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Learning AIX and IBM i: Courses, Tracks and Certifications

IBM Champion Rob McNelly on courses, tracks or certifications you can use for developing IBM i and AIX resources internally

As I made my way across the country from the ocean, to a campsite in the woods, to a cabin along a lake during my latest camping adventures, I realized that I had not answered a question I had received. 

I was asked “Are there some courses or tracks or certifications you would recommend if we are looking to develop IBM i and AIX resources internally?”

I immediately wondered, what is the background and skill level of the person who needs training? I would have different recommendations for someone with many years of IT experience and a Unix or Linux background versus someone with little or no IT experience who had only used Apple computers or Windows operating systems.

I went with a pretty generic answer, for example they might consider formal classes, like AIX basics. The course description states:

“This course enables you to perform everyday tasks using the AIX operating system.”

There are classes from Global Knowledge like implementation and administration where you learn to install, customize and administer the AIX operating system in a partitioned environment.

Or maybe the advanced administration class. The description states that this course provides advanced AIX system administrator skills with a focus on availability and problem determination. It provides detailed knowledge of the ODM database. It shows how to deal with AIX problems. There is special focus on dealing with Logical Volume Manager problems, including procedures for replacing disks. Several techniques for minimizing the system maintenance window are covered.

There is a jumpstart class if they already know Unix where they provide focused training for experienced UNIX administrators on how to install, customize and administer the AIX operating system in a multiuser POWER partitioned environment.

The whole list of classes can be found if you search for AIX.

There was an article that stated that user groups are the Power systems heartbeat, and I tend to agree.

“User groups are the heartbeat of the IBM Power Systems community. ... Many features that we have built into the platform were a direct result of feedback we collected from clients and business partners in user groups.”
“Everyone is in it together. Many user group members are business partners or clients who compete against each other on a daily basis, yet when it comes to the user group community, their dedication to IBM Power Systems platform outweighs the desire to outfox the competition.”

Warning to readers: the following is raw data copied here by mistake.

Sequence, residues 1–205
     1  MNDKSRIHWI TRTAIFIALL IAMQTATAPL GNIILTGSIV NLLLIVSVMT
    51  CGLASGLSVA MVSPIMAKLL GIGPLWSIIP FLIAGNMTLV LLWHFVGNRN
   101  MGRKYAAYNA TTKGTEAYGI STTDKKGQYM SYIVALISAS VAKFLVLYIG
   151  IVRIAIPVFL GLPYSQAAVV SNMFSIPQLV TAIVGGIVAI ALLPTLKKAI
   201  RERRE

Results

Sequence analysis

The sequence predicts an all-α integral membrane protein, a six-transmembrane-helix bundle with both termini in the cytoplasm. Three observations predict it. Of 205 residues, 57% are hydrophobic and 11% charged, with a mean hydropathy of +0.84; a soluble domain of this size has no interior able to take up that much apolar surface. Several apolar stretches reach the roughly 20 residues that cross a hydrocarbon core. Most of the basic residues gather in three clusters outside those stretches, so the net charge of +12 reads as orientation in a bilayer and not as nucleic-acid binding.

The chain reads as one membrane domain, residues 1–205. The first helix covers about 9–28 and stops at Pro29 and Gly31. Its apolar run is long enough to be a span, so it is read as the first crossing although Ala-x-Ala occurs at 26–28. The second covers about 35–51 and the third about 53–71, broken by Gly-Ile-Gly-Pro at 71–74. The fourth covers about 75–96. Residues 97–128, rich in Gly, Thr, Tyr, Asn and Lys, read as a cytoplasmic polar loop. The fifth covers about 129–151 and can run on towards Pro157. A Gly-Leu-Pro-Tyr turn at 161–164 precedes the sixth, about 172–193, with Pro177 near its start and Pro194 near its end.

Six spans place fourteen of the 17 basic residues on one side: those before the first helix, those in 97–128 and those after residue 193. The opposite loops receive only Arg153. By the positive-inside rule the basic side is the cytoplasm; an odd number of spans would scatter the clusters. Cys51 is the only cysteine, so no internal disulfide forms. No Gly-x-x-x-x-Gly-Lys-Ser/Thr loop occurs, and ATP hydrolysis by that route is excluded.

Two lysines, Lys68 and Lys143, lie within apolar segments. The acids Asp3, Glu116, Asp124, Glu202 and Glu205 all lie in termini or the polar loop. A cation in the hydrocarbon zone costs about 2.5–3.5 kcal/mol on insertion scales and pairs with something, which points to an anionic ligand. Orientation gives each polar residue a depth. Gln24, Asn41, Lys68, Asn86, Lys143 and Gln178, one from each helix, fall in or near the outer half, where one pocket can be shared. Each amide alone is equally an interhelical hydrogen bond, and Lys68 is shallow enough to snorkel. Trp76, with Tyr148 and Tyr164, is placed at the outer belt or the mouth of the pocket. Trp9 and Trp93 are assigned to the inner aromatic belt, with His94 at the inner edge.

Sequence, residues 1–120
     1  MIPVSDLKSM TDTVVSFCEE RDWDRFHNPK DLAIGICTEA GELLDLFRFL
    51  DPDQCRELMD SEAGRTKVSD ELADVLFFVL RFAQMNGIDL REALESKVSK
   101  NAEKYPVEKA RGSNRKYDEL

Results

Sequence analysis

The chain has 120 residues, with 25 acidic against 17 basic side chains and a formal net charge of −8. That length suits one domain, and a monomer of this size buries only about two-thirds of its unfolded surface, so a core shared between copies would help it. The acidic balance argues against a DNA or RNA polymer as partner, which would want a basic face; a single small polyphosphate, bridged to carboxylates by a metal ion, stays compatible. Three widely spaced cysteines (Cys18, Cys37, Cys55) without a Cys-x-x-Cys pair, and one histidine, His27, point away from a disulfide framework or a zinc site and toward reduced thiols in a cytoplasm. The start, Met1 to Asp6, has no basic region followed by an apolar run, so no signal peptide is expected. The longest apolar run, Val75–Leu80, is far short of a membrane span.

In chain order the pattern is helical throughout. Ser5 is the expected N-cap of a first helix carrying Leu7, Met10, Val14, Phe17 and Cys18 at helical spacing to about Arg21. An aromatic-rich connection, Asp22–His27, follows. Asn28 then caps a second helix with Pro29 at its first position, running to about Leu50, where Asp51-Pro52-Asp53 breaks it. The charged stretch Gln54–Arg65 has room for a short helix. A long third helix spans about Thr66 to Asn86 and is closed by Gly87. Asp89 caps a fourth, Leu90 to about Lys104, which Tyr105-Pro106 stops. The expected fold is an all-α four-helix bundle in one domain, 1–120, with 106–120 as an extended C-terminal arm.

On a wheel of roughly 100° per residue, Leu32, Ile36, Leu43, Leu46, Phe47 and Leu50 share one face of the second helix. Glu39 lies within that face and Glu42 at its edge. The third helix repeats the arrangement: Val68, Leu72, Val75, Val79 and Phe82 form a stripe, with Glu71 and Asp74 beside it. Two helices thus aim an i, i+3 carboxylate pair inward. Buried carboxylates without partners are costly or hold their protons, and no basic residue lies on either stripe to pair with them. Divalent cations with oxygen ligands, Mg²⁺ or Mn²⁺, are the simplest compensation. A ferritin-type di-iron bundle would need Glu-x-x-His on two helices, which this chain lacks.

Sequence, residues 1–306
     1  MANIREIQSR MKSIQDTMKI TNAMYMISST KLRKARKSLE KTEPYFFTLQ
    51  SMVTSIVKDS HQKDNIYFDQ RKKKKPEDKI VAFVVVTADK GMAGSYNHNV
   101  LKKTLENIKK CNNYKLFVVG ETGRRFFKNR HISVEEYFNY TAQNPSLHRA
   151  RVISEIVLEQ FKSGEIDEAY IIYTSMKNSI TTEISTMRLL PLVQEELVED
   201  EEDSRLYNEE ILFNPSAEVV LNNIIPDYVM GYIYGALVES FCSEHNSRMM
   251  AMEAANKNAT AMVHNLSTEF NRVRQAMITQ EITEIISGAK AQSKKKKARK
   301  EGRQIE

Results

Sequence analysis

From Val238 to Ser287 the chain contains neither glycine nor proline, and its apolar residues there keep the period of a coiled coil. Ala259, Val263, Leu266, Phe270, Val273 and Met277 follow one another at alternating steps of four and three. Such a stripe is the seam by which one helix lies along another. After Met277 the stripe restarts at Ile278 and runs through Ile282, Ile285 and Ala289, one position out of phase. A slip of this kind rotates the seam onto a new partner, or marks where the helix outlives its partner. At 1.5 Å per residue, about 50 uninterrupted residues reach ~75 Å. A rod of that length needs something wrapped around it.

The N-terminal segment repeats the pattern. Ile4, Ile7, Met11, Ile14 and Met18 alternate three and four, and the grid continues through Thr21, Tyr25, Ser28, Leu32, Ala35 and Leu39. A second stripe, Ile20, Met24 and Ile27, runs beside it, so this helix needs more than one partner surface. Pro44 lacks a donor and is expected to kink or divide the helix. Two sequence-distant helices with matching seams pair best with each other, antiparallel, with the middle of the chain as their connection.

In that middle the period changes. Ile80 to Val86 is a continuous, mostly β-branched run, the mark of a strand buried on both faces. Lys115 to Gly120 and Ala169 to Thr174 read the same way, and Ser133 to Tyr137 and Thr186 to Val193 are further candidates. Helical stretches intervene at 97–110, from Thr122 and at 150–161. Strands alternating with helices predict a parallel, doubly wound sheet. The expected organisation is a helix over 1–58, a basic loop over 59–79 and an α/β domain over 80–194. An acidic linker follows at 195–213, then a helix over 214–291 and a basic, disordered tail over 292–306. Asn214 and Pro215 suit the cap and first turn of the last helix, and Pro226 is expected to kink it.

“Virtual learning is of particular importance since many clients are unable to attend conferences and seminars (such as IBM’s Technical University events) in person. As a result, virtual learning groups allow professionals to further their education without financial burdens or logistical headaches.”

I wrote about this topic in 2007. Even back then I said: 

If you can’t attend meetings, either due to a lack of time or the absence of a group in your area, you can still join virtual user groups and sign up for their teleconferences and webinars. They bring in various guest speakers just like traditional user groups–and perhaps an hour-long conference call fits more easily into your schedule.

User group mailing lists can be another great resource. Groups that may not regularly schedule formal meetings may still have active lists, and the informal question and answers that can come from the mailing list can be very helpful.

I revisited the topic in 2011 when I wrote about different blogs, bloggers, videos and documents, some of which you may still recognize and use 10 years later.

I want to remind you to watch the replays from the Power Virtual User Group technical webinar series.

There are other groups that have older recordings which do not have recent content but may still be worth checking out. 

Nigel Griffith recorded videos for the njmon and nmon user meetings as well as the AIX user meetings.

Nigel also has videos going back eight years on his Youtube channel. At the time I recorded this he had just posted a new video.

One of the most well-known meetings is the Power Systems Virtual User Group, the oldest Sessions I can see were from 2007. These monthly meetings have been going for years and are still very relevant.

At the end of all of taking all these classes and watching these replays, you may find that you are ready for the AIX v7 administrator certification.

Lastly, be sure to keep up to speed with the latest Redbooks.

This was some of what came to my mind when I considered how I would get new staff up to speed with POWER systems, how would you answer the question?

Hopefully you have learned something today, thank you for your time and I will talk to you soon. Thanks for watching.  
 
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